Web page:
Tina Fey talks about Will Ferrell, her new movie and the Twain Prize

by Julie Hinds

Detroit Free Press (MCT)

2 November 2010


Tina Fey sounds impressed by the talent of her cartoon alter ego in the upcoming 3D movie “Megamind.”

“The animation adds so much and adds this visual element to your performance that I was joking with my husband after I saw the cut. I was like, ‘Oh, my animated self is a much better actor than I am. Her face is so much more expressive,’” says the star of “30 Rock.”

As the voice of TV reporter Roxanne Ritchi, Fey brings her smart comic style to the all-star cast of “Megamind,” which opens Friday.

In the funny animated adventure, Will Ferrell provides the voice of the title character, a brilliant supervillain who is surprisingly endearing. Brad Pitt is his nemesis, Metro Man, the brave superhero who protects Metro City.

Megamind’s efforts to defeat Metro Man consistently fail, so much so that even he is surprised when one of his attempts actually works. Feeling lost without a foe to oppose, Megamind tries to create a new hero, Tighten (Jonah Hill), who quickly becomes destructive. Can Megamind change his supervillainous ways and save the city?

As Metro Man’s girlfriend, Fey’s no-nonsense character is frequently kidnapped by Megamind — and not at all intimidated by him.

For the actress, it was a chance to work on a project starring her former “Saturday Night Live” colleague Ferrell and directed by Tom McGrath, who helmed the hit “Madagascar” movies.

She thought the role was pretty cool, too.

“I really liked the part, taking that kind of archetypal Lois Lane part and updating it for the 21st century,” says Fey, speaking by phone from Los Angeles.

On Friday, she appeared in costume as Roxanne on “Today” for the morning show’s Halloween celebration.

Fey is one of the most successful stars of comedy on television and in the movies, but she says she definitely sees herself as a writer first.

She was a cast member and the first female head writer for “Saturday Night Live.” Her sitcom “30 Rock,” where she’s a writer and executive producer, is an Emmy favorite.

She’s starred in films like 2004’s “Mean Girls,” which she also wrote, 2008’s “Baby Mama” and 2010’s “Date Night.” In the pop-culture arena, she’s had an impact on entertainment and politics with her Sarah Palin impression.

On Nov. 9, she will receive the Mark Twain Prize for American Humor in Washington. Previous winners include Bill Cosby, George Carlin, Steve Martin, Carl Reiner, Bob Newhart and Richard Pryor. Fey is the third woman to get the prize; it went to Whoopi Goldberg in 2001 and Lily Tomlin in 2003.

“It’s a huge honor and I can’t believe the company that (I’m) being included in,” she says. “It’s something I never even dreamed of in my life. It’s the kind of thing that I’m just really excited for my parents to be there.”

But Fey isn’t one to talk up her accomplishments. While discussing the recent live episode of “30 Rock,” she credits director Beth McCarthy-Miller as “the MVP of that whole experience.” And she’s quick to point out that many talented women have found success in TV comedy.

“I think you’ve seen the face of ‘Saturday Night Live’ and the dynamic of ‘Saturday Night Live’ change so much in the last 10 years. And just in general, I think there are just more women taking an interest in this, in improv and sketch comedy,” she says.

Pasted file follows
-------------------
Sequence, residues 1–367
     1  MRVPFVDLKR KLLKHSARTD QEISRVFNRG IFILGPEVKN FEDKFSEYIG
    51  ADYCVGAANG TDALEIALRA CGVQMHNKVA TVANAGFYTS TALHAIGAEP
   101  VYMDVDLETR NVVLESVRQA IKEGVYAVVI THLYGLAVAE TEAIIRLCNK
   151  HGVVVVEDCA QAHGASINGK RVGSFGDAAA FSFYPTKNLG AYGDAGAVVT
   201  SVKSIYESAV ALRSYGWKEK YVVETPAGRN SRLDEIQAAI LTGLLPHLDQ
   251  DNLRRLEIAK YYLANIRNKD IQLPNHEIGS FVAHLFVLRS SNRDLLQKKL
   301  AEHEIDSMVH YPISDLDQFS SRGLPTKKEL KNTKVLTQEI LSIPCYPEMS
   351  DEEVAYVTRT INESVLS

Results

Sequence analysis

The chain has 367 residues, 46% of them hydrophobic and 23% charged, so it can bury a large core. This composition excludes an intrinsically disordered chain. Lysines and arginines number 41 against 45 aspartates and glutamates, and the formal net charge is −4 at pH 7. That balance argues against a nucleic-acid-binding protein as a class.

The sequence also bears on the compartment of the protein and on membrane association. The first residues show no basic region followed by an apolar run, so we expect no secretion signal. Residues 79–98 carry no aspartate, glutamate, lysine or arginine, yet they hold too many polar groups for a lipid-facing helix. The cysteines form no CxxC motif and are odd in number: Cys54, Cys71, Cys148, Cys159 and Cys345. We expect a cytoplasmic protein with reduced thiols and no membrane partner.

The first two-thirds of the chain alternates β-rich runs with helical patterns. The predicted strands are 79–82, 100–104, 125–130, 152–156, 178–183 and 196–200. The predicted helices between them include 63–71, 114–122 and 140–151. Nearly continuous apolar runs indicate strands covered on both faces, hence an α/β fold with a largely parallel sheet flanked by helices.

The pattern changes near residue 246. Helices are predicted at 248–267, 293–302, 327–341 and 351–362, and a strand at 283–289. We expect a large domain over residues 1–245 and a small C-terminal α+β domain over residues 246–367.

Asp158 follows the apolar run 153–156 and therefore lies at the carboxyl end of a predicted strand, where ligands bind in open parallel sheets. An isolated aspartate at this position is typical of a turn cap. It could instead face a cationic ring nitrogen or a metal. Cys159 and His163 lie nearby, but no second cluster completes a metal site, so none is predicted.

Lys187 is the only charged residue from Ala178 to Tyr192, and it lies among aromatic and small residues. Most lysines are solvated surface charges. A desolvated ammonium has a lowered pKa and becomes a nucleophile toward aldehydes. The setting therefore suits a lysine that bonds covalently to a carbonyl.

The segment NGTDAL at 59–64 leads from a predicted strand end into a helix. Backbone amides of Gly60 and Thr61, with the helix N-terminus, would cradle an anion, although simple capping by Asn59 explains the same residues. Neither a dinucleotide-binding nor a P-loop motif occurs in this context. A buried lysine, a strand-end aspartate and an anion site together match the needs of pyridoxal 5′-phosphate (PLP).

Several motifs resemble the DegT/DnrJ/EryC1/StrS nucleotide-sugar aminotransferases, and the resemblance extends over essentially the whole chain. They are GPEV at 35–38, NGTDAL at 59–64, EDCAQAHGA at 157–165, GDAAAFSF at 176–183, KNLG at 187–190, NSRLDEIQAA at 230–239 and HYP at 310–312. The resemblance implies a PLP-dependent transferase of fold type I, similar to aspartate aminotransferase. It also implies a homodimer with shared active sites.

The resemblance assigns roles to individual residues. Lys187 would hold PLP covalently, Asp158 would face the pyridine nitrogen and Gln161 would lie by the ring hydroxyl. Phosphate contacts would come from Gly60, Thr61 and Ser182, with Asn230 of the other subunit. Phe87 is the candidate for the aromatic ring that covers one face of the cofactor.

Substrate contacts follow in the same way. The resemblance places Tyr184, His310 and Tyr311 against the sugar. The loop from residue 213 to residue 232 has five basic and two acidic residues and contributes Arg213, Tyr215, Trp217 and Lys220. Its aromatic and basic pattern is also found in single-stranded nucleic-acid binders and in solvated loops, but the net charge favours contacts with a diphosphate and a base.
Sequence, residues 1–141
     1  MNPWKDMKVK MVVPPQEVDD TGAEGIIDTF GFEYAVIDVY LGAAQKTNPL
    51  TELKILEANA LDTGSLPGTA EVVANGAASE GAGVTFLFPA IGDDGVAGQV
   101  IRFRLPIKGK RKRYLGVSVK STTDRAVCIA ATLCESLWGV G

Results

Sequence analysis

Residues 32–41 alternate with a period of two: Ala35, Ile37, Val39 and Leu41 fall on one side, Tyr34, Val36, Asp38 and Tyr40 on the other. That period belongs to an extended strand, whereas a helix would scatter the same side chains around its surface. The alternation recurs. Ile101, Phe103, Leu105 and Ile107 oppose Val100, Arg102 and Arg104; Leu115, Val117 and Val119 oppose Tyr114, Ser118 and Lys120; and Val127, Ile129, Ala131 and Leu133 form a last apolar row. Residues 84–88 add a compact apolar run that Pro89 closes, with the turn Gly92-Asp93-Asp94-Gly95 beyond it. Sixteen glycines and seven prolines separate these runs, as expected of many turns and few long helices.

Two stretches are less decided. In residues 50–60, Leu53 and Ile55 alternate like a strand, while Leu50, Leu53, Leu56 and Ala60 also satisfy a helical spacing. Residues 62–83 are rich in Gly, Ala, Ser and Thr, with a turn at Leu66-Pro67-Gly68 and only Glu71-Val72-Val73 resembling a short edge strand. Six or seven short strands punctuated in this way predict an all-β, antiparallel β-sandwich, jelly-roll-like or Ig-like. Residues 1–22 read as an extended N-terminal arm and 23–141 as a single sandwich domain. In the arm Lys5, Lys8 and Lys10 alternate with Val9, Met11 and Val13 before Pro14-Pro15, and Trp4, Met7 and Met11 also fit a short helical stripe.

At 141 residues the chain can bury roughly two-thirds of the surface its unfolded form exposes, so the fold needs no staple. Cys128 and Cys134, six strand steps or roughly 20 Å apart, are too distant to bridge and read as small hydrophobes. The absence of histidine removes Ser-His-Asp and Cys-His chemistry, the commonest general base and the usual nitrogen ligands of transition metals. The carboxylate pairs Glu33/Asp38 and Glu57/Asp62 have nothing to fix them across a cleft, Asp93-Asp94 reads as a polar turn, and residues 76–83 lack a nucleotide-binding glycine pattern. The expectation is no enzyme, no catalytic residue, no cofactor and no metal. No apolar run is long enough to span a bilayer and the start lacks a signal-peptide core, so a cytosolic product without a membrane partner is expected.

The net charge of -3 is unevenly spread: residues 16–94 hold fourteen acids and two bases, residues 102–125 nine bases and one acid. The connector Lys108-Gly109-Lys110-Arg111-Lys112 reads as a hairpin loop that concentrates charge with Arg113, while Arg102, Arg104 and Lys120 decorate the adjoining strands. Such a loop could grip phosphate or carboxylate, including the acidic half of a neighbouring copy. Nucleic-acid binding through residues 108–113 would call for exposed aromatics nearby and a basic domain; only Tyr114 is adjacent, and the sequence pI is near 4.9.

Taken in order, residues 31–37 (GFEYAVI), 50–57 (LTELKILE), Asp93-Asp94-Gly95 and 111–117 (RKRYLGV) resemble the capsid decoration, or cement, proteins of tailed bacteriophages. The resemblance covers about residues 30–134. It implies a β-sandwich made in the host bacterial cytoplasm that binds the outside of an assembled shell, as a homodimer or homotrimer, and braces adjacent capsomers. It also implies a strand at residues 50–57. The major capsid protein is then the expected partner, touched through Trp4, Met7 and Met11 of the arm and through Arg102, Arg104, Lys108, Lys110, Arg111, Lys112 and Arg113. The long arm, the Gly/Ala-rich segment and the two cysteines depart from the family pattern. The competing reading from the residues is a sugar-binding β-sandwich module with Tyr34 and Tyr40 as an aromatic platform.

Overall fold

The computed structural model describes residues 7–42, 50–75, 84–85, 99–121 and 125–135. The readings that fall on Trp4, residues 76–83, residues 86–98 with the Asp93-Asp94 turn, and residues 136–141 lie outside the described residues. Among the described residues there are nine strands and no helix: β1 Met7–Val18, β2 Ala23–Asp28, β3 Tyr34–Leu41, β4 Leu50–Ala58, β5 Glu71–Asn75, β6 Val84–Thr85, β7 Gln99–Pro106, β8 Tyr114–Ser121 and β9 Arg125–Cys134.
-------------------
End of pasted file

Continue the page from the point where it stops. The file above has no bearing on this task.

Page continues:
One of the highlights of “Megamind” is the banter between Fey and Ferrell as Roxanne and Megamind. Although such voice work is usually done separately, the “SNL” veterans were able to record some of their dialogue together.

“We did do several sessions together, which was a real treat,” she says. “You can improvise a little bit.”

Fey describes animation work as “really fun and freeing, because you get to goof around in the studio and you get to try things as many different ways as you want to, because they do all the voice recording first and then they choose what they want and animate it.”

And she says it was nice to reunite with Ferrell, describing him as a funny, generous colleague.

“He’s not the kind of person who wants to be doing all the talking all the time, or be stealing the scene. He started in improv and stuff at the Groundlings, and you can tell he’s just like a great, great team player kind of guy.”

Fey doesn’t overload her busy schedule with movie roles. “It seems to be that what my family and I can bear is about one every other year. And this animated thing certainly was a great way to be in a movie without having to pick up the whole family and move or something like that,” she says.

She wants to write another movie “at some point, but I can’t imagine being able to do that until the TV series is over.”

On “30 Rock,” many of the laughs come from the career and life stress that her character, Liz Lemon, copes with as a single producer of an “SNL”-style TV show. Does the motivation for irritating Liz come from Fey? “I think I must on some level enjoy playing those scenes,” she says. “I would rather be hit in the face with a million pizzas than have to do one genuine love scene, so I think in a way it does come from me.”

Fey recently was a guest on Comedy Central’s “Night of Too Many Stars,” the autism education benefit hosted by Jon Stewart, where she pitched a premium for contributors: a wacky Tina Fey calendar — one month showed her as a Chippendales-style male dancer.

“I have not heard how many they sold. I hope 80 million, but I don’t have the hard numbers on it,” she jokes.

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